If you’ve read “Everything I need to know about Manufacturing I learned in Joe’s Garage” then you’re familiar with the part where they’re discussing power drills. Having many tools in use at the same time means that, statistically speaking, it is more likely that one will break at any given time. Thus, if you become reliant on a lot of drills, you must have lots of backups.
Having too many fields in a defect entry form, or any workflow for that matter, is like having too many drills in your shop. If you ask people to use so many fields, you’ll probably get very few of them right all the time. Suddenly, just opening a defect requires you to fill out dozens of fields, when in fact nobody runs are report off any of those fields at all. I can’t think of very much that you need to enter into a defect field:
- who opened it (which the system can figure out from who is logged in)
- when it was opened (which the system can figure out as well). I don’t see a need for a separate “when was it found”. Although there’s probably a lag between found and opened, I’m not sure that it’s so critical that you need people to enter it. Also, probably a date/time for each change to the ticket, but the system can automatically do that too.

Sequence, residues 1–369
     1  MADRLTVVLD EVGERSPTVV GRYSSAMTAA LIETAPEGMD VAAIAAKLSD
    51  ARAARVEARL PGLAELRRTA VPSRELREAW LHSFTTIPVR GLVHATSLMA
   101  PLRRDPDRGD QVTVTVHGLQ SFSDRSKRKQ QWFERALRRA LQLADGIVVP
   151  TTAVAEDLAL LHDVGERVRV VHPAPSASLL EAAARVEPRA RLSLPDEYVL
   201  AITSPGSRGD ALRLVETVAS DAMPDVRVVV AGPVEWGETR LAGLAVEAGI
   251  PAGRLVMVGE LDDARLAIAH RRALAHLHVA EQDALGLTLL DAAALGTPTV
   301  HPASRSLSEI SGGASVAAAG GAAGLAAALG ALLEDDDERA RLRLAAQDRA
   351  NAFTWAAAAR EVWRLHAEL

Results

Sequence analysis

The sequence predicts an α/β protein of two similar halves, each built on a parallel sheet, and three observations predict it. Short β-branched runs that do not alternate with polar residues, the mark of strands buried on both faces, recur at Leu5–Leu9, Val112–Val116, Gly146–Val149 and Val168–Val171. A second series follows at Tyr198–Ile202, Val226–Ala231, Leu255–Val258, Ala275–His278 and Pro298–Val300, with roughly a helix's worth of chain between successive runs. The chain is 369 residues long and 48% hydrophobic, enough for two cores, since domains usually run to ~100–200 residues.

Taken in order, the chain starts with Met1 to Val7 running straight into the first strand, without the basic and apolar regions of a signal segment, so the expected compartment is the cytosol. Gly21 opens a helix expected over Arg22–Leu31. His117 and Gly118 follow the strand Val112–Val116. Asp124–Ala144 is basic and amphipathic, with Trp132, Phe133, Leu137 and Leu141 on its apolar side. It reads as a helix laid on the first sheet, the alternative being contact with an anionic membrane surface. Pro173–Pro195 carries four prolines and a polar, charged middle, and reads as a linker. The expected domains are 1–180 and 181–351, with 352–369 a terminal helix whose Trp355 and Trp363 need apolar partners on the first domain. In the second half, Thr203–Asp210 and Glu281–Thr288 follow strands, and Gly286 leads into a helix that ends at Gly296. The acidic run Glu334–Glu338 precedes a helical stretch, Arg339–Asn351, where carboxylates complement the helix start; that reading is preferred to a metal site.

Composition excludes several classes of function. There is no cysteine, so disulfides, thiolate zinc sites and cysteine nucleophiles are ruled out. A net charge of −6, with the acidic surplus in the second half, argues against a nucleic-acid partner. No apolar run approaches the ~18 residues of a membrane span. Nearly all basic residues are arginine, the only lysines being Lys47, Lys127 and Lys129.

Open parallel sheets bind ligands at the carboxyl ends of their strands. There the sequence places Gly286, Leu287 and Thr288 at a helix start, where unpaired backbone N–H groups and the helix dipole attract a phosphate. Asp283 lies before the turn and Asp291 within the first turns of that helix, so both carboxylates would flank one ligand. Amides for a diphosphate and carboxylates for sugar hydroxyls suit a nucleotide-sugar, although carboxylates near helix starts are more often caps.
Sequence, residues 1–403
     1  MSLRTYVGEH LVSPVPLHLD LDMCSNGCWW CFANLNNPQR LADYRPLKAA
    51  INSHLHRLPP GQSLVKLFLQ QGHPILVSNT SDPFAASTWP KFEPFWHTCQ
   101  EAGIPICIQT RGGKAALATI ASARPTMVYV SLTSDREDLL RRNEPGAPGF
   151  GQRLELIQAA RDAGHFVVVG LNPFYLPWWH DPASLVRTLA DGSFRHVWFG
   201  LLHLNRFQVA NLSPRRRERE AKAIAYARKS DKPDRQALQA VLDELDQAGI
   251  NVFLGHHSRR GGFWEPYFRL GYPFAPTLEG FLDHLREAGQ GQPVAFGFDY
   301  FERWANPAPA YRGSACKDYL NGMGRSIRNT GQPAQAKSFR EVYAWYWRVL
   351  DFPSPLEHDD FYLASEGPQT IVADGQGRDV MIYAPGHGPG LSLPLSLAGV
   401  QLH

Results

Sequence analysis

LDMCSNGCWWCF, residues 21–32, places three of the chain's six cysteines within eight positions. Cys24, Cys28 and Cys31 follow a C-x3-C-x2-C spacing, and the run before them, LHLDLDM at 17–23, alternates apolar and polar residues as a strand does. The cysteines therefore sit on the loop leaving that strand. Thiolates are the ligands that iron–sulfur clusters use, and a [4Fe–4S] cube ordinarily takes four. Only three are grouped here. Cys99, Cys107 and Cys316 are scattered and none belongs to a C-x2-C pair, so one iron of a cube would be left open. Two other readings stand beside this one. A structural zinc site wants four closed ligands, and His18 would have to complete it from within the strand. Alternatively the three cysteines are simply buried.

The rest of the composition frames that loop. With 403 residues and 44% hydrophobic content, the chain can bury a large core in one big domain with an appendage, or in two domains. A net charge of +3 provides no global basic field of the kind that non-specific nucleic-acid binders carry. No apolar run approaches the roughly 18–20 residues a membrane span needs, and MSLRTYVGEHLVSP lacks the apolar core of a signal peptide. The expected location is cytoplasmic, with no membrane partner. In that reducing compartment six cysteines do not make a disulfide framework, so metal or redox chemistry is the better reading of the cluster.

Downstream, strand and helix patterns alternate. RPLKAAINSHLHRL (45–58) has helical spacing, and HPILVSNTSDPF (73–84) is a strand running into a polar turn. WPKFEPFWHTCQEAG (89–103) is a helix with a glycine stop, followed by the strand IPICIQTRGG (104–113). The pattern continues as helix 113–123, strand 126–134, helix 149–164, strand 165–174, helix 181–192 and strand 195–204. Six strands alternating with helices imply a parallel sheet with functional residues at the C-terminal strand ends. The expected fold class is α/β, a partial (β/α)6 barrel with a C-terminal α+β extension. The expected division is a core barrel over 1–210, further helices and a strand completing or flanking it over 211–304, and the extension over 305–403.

- what test phase were you in (or production if you didn’t catch it). Useful for containment calculations.
- what system were you working on. Yes, I know you could include build numbers, etc, etc. but the combination of the date and the system ought to be enough to clue a developer in to what version was being run at the time in test. For production, if you allow various versions to be in the field at the same time this might be more useful.
- a status (open, closed, ready for restest). Notice there’s no cancel or deferred. A cancelled ticket is a closed ticket that didn’t get a code change (or some other resolution). A deferred defect is open… it isn’t fixed.
- a description of the problem.
What else do you really need? Keep it simple and minimize the risk of a field being full of useless junk. Think really, really hard about whether you truly need that field you are adding. Start by studying a random sample of tickets. Add the new field on a spreadsheet only and classify the sample. Mock up some reports – figure out what you think that information would tell you and if there’s any action you would take on it. If not, you don’t need it. Let the system auto-populate anything it can to minimize data entry.
Avoid too many fields in your system, just as you should avoid too many drills in your shop.